Inuvik to Ushuaia

Biking and Boating the "Andean Lakes Crossing" into Chile

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El Tronador from the Chilean side
El Tronador from the Chilean side (View on flickr)

Click here for our favorite pictures from this section.
We took an incredible bike-and-boat tour from Argentina to Chile. The "Andean Lakes Crossing" combined boat rides through two majestic thickly forested national parks, hiking, and biking touring. We started from Bariloche, Argentina and ended up in Puerto Montt, Chile.

We emptied out the apartment we had been renting in Bariloche, Argentina and loaded our bikes with the gear that had been spread out all over the apartment for the last month. My bike was heavier then usual because I had purchased some new clothes and art supplies but some how it fit, especially because I offloaded some of the art supplies to Randy. We left at 6:00 in the morning, pedaled 20 quiet kilometers to the boat dock at Llao Llao (pronounced Zhao-Zhao in Argentina). After loading our bikes on to the front of the giant catamaran and purchasing a nice cup of cappuccino we settled down for first of three boat rides. The first was across Lago Nahuel Huapi which was surrounded by huge mountains and we reached Puerto Blest after a couple of hours.  read more here... lee mas aquí... »

Updated website - let me know if there are problems

We've been hiking the last several days in far southern Patagonia, and visited the amazing Perito Moreno Glacier.

I've just updated the website to a new version of drupal, so please let me know if you have any problems with the site or there's anything I've messed up.


PS - We have a flight to Florida on Wednesday!

Torres del Paine and the Perito Moreno Glacier

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Perito Moreno Glacier
Perito Moreno Glacier (View on flickr)

Oh by the way, did we mention we have finished our bike ride? Yep, we rode the last bit from Bariloche, Argentina to Puerto Montt, Chile. After over two and half years and pedaling over 22,000 Kilometers (almost 14,000 miles) we have reached a place we consider a final ending point of our north-to-south journey.

After spending a wonderful month in Bariloche, Argentina cycling unloaded, hiking, Randy working remotely and Nancy drawing and exhibiting her work, we headed out for out final trip bike trip but not our final adventure.

We celebrated the end of this trip and the beginning of the new year in a tiny campground in southern Chile and rode to the end of our trip. On January 1st, 2009 we rode our loaded metal steeds to Puerto Montt, Chile and retired our bikes to a closet for a couple of weeks.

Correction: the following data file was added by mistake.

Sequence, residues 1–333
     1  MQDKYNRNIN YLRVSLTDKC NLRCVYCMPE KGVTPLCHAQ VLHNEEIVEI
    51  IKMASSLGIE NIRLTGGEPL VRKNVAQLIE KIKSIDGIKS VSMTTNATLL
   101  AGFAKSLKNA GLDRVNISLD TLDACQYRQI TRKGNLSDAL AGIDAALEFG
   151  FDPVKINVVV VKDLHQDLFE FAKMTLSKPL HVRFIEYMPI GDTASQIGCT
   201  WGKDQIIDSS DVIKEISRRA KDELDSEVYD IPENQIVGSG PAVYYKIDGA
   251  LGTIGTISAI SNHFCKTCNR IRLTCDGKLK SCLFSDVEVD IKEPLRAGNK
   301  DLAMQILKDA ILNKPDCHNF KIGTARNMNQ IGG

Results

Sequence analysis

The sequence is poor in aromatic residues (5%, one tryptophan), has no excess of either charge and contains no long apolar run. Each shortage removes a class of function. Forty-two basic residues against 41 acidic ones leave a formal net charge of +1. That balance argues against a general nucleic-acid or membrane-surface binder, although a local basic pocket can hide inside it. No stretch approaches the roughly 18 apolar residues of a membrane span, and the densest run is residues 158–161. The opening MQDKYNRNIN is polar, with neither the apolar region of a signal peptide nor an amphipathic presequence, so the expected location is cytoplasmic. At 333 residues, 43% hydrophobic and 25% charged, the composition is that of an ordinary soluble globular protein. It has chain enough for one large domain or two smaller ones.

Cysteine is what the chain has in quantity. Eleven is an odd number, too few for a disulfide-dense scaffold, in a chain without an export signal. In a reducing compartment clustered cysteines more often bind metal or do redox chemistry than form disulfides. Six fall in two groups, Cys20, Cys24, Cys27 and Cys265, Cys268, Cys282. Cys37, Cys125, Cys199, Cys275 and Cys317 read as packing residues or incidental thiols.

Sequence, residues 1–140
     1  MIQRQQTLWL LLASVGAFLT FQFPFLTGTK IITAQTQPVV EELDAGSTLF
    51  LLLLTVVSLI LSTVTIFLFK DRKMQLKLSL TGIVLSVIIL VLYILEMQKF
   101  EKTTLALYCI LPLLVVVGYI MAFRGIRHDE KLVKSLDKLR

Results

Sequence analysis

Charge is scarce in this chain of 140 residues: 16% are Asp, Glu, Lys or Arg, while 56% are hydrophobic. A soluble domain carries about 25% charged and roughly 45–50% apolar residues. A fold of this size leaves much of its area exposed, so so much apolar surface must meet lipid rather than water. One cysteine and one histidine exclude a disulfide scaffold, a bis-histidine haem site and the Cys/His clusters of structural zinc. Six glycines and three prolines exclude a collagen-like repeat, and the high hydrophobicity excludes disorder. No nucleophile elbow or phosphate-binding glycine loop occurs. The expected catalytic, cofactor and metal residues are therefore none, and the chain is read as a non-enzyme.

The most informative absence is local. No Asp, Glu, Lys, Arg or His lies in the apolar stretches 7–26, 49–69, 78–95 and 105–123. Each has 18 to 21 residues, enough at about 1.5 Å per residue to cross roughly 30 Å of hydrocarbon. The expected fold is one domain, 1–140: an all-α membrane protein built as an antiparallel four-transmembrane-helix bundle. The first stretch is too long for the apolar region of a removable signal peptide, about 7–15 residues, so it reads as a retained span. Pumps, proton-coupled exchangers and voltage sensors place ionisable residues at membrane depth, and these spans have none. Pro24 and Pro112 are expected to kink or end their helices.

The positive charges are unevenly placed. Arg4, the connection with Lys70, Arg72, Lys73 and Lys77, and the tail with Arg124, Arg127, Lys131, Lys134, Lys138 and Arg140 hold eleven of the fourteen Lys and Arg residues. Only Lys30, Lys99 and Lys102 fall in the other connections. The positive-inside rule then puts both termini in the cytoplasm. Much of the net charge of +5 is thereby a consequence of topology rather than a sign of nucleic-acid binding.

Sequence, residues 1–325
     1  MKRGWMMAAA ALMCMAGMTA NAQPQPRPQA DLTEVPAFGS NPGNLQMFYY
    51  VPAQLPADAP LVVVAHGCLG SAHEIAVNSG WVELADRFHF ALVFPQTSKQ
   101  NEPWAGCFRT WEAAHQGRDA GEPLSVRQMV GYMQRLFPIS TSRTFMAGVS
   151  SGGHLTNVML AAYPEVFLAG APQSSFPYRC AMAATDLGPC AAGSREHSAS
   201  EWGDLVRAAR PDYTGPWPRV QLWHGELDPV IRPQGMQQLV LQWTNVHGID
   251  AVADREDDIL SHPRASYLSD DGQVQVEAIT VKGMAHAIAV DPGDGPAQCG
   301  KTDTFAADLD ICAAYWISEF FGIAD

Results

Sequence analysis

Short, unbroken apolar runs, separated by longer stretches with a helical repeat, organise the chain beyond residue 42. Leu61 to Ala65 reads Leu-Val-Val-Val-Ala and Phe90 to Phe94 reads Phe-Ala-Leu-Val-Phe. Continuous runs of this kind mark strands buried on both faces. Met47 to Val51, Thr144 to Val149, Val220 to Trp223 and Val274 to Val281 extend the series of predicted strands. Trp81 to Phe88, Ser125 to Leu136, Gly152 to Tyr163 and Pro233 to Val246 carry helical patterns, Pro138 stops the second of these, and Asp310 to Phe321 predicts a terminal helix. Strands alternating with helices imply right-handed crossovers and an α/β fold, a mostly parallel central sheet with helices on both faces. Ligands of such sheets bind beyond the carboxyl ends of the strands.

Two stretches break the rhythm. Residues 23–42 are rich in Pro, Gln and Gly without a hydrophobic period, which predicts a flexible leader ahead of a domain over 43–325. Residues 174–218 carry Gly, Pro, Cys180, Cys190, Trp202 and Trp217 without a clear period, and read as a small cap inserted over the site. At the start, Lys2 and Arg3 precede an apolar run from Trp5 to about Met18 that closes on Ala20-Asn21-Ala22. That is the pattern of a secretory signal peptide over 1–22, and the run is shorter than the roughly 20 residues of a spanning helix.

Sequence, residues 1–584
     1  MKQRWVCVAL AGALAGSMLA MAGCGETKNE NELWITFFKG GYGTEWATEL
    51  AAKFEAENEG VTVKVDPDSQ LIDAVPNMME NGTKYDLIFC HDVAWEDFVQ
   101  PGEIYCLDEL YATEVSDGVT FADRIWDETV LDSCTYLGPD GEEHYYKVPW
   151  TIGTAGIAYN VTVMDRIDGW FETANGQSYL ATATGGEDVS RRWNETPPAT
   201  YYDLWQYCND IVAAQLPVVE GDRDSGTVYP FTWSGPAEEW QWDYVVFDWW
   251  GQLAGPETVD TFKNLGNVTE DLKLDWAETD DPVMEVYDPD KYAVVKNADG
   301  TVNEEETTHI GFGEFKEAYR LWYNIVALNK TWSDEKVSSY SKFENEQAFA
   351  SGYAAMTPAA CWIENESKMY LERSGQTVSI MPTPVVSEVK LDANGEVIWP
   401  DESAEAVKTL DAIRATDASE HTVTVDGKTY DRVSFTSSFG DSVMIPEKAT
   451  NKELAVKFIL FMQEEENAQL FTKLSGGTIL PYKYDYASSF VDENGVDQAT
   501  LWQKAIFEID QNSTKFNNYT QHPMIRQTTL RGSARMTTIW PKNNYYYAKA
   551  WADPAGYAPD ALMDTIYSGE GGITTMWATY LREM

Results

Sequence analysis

Cuernos del Paine in Torres del Paine
Cuernos del Paine in Torres del Paine (View on flickr)

We were told by many people that if we came all this way in South America we could not miss the dynamic sights in southern Patagonia, Torres Del Paine National Park and the still-growing Perito Moreno Glacier. So as the good travelers we are, we took a vacation from our bike ride and headed the very bottom of South America, to Punta Arenas, the southernmost city on the continent of South America. But we went by plane this time.  read more here... lee mas aquí... »

Requesting help for a worthy cause in Nicaragua

Sponsored kids receiving their school supplies
Sponsored kids receiving their school supplies (View on flickr)

When we were in Rio Blanco, Nicaragua, volunteering for Agua para la Vida ( -- See our stories here) we met one of the key guys there, Esteban Cantillano, and he told us about one of the side projects that he´s involved with. He´s a member of the lay order of St Francis associated with the local Catholic church, and this group tries to adopt a small group of boys who are not going to school and to try to provide what they need to get going. Lots of kids end up not going because they can´t afford the basics: uniform, notebooks, and maybe a backpack.

When we were there we gave him $400 that various people had entrusted to us for something like this, and he used it to purchase 15 school uniforms and shoes for the 15 kids (he even send a scan of the receipt).

There are pictures of the kids here and a little note about Esteban that we wrote here.

Anyway, the kids need funding again this year, and they will in future years. It´s such a fantastic thing for a grass-roots local group to make a little dent in the future of the town by getting 15 or so kids into school. If you are interested in helping Esteban´s group, let us know and we´ll start an email conversation, and I can translate for you. We can help with the logistics of getting the money to them.  read more here... lee mas aquí... »

Back in the US of A